Now Let’s bring in Democratic North Carolina Congressman David Price. He’s also a member of the House Appropriations Committee and its Subcommittee on Homeland Security. Congressman, thank you for being with us Thank you. So I want to talk a lot about infrastructure, but before we get into all of that, I want to have you react to Senator Blackburn’s comments about the border and the vice President’s trip. Do you think that the vice president should have gone to the Rio Grande Valley and should the President go?
Of course. And they will go? This was a trip to El Paso. It was a well-conceived trip. I think the most interesting thing the Senator just said was that it was inappropriate for the Congresswoman from El Paso to be involved. I wonder who she thinks would be more appropriate. Congresswoman Escobar, of course, was there, and she should have been. But the trip was focused on the progress that’s been made on the border where we had something like over 5,000 children in detention being held. Now it’s under 500.
We’ve had a lot of progress in getting the children into the care in facilities as their status is determined. But we’ve made orderly progress in getting the process in place where people can seek asylum. They don’t have to stay in these dangerous, squalid conditions in Mexico for weeks, months on end. I visited some of those facilities. It did not do our country proud. We need an orderly process, hopefully, that people can apply for asylum back in their home country and not make that track. We’re getting there.
We have cooperative arrangements now with the Mexican and Guatemalan governments that are helping us get there. A lot of these people are applying for asylum in Mexico and not the Us, and that’s probably more sensible for lots of them. So the vice president’s trip was to call attention to the situation, which still demands a great deal of attention, but also to call attention to the progress we’re making.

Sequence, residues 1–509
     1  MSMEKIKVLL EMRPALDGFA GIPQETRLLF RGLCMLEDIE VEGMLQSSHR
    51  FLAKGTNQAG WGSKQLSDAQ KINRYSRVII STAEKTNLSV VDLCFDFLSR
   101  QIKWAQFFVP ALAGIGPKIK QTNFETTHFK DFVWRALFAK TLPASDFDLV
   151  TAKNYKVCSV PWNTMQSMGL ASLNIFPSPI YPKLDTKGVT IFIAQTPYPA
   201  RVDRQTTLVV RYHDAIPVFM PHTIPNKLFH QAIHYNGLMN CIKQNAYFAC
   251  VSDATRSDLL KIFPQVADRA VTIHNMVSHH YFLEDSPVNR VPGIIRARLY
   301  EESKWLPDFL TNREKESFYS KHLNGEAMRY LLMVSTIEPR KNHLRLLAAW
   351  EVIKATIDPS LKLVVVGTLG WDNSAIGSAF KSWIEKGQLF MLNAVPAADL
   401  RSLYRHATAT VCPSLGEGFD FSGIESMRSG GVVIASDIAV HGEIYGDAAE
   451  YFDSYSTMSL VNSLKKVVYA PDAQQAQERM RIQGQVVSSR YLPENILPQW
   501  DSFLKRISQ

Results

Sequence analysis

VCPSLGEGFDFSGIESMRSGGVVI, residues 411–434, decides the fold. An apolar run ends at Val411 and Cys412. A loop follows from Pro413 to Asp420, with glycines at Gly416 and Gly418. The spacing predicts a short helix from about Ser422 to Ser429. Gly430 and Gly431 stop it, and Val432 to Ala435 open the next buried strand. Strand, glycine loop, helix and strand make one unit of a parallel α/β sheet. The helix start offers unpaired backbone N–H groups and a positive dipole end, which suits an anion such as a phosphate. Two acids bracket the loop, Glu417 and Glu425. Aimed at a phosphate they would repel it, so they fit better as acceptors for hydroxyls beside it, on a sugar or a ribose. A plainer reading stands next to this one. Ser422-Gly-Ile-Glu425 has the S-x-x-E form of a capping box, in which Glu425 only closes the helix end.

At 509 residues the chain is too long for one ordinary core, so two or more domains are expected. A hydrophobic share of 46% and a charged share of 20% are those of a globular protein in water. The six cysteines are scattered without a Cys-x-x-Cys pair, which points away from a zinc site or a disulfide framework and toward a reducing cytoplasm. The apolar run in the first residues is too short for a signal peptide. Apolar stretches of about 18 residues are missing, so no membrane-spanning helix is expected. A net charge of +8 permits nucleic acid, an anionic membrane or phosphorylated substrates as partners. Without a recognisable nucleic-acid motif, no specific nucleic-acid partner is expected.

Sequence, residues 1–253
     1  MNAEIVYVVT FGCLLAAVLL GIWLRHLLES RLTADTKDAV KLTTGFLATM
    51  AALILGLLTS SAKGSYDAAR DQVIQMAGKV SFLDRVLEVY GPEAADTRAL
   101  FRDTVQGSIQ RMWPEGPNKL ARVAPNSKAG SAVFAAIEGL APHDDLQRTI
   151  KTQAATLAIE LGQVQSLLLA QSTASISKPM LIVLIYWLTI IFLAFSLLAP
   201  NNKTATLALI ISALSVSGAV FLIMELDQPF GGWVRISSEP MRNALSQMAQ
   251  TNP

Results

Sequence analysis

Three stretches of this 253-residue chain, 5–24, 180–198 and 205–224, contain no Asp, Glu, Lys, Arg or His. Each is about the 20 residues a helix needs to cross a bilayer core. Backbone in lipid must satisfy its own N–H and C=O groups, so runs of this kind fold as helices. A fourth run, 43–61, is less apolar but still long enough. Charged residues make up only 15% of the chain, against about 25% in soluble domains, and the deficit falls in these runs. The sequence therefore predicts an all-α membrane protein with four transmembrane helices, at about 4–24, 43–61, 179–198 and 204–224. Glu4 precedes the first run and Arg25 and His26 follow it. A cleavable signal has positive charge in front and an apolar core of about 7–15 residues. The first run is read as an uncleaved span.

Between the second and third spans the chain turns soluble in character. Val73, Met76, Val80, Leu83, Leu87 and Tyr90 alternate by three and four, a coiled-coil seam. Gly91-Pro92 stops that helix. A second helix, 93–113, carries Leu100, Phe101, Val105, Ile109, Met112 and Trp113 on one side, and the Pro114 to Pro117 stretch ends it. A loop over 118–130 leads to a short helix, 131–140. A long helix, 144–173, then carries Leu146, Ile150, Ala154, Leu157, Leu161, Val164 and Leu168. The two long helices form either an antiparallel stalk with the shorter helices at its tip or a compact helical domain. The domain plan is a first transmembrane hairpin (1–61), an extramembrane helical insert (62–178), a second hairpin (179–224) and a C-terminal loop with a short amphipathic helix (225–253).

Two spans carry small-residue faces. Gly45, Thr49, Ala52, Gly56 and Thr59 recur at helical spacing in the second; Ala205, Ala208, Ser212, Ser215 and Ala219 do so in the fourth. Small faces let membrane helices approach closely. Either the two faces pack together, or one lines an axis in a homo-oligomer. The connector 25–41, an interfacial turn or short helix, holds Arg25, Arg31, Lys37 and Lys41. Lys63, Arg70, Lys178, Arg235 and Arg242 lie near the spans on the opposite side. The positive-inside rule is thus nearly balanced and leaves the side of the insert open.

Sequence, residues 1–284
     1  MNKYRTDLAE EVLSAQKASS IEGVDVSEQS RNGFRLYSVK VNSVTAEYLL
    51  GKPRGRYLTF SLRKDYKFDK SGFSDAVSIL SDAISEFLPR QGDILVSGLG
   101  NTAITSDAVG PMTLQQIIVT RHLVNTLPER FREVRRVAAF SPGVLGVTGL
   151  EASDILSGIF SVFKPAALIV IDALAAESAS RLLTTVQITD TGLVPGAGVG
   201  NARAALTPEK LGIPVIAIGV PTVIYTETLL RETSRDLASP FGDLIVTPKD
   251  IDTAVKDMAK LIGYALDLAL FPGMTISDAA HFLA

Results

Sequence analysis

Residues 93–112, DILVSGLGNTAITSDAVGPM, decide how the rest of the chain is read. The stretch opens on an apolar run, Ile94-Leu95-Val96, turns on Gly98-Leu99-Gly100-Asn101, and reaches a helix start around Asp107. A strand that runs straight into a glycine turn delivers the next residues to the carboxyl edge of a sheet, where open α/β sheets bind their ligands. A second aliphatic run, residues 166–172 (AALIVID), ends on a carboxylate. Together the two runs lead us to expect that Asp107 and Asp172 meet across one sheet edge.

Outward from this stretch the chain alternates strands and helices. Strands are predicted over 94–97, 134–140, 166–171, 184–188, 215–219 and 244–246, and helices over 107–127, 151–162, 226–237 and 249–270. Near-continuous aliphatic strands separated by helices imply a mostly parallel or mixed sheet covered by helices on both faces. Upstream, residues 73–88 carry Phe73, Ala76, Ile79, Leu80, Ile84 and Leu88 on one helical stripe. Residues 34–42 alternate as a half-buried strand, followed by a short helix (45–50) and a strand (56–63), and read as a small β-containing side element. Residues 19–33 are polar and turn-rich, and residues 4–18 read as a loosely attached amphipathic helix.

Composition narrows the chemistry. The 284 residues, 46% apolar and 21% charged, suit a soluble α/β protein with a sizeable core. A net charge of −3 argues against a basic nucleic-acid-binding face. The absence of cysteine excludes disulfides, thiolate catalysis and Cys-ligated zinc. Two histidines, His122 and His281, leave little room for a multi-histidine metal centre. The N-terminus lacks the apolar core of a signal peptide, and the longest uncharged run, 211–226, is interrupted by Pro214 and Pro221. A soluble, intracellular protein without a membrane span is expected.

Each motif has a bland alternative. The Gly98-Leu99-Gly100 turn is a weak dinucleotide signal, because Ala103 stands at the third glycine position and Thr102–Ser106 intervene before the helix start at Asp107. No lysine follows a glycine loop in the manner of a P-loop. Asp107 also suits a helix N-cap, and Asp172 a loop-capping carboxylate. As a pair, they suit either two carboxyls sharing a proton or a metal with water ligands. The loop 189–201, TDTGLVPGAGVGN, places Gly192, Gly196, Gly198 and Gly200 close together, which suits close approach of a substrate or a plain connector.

Well, Congressman, that trip did come 90 days into this whole initiative. I mean, she’s made the assertion that this was not a response to political pressure, but do you think the Democrats need to have a more consistent, sizable presence at the border and making that effort visible to people?
Sure, that’s what the trip was about. And there are lots of indications that we’re making progress on a very difficult challenge. By the way, the first thing she did was to go to the countries of Central America where these migrants are coming from. I don’t know why anybody would think that that is inappropriate. I remember when he was late in the Obama administration, I was on a homeland security trip. I remember General John Kelly. He was head of Southern Command back then, and he was one of the first who said, you need to address the root causes.
We need to have something like a planned Columbia for these countries in Central America so that people stay in their own countries. They are secure, and they have some hope there. And, of course, he came into the Trump administration, and Donald Trump didn’t listen to him. But we need now to understand once again that long run. These people need to stay at home and be able to stay at home safely and securely.
I want to get to infrastructure. The White House has walked back the president’s statement that he’s not going to sign this bipartisan bill if the reconciliation piece doesn’t also come to his desk. The White House negotiator, Steve She told Senate Republicans that the administration would clarify its position. But yesterday, press Secretary Jenski did not repeat Biden’s conditions took a softer tone than the President. I want you to listen to this sound, and then I’ll ask you a question.
We’re going to leave it to leaders in Congress to determine the sequencing and the timeline for those pieces moving forward. But he’s going to use every lever at his disposal, is going to be involved, is going to roll up the sleeves. He’s going to work like hell to get both of these pieces of legislation done. He fully expects hopes, plans to sign both into law, and he will leave it to leaders in Congress to determine the timeline and the sequencing.
So clearly a softer approach from Jen Saki there. But do you think that President Biden himself needs to make a new statement to save this bipartisan plan?
No. It’s very clear what’s going on here. And the previous interview, she was so shocked to find that the President wants to move ahead with a broader infrastructure and American families plan, probably using this reconciliation process. Republicans, hopefully, some will go along with that, but it probably could be successfully filibustered. So that has to proceed alongside whatever can be agreed upon in a bipartisan way. I don’t think I’ve ever had any doubt about that. I’m surprised.
Yes, it was a condition, though, that he would well.
The conditional language, the conditional language, as they’ve clarified this is not totally in his control. There will be, in the congressional process a determination of what of this we can pass. And then we’ll hopefully do both in tandem.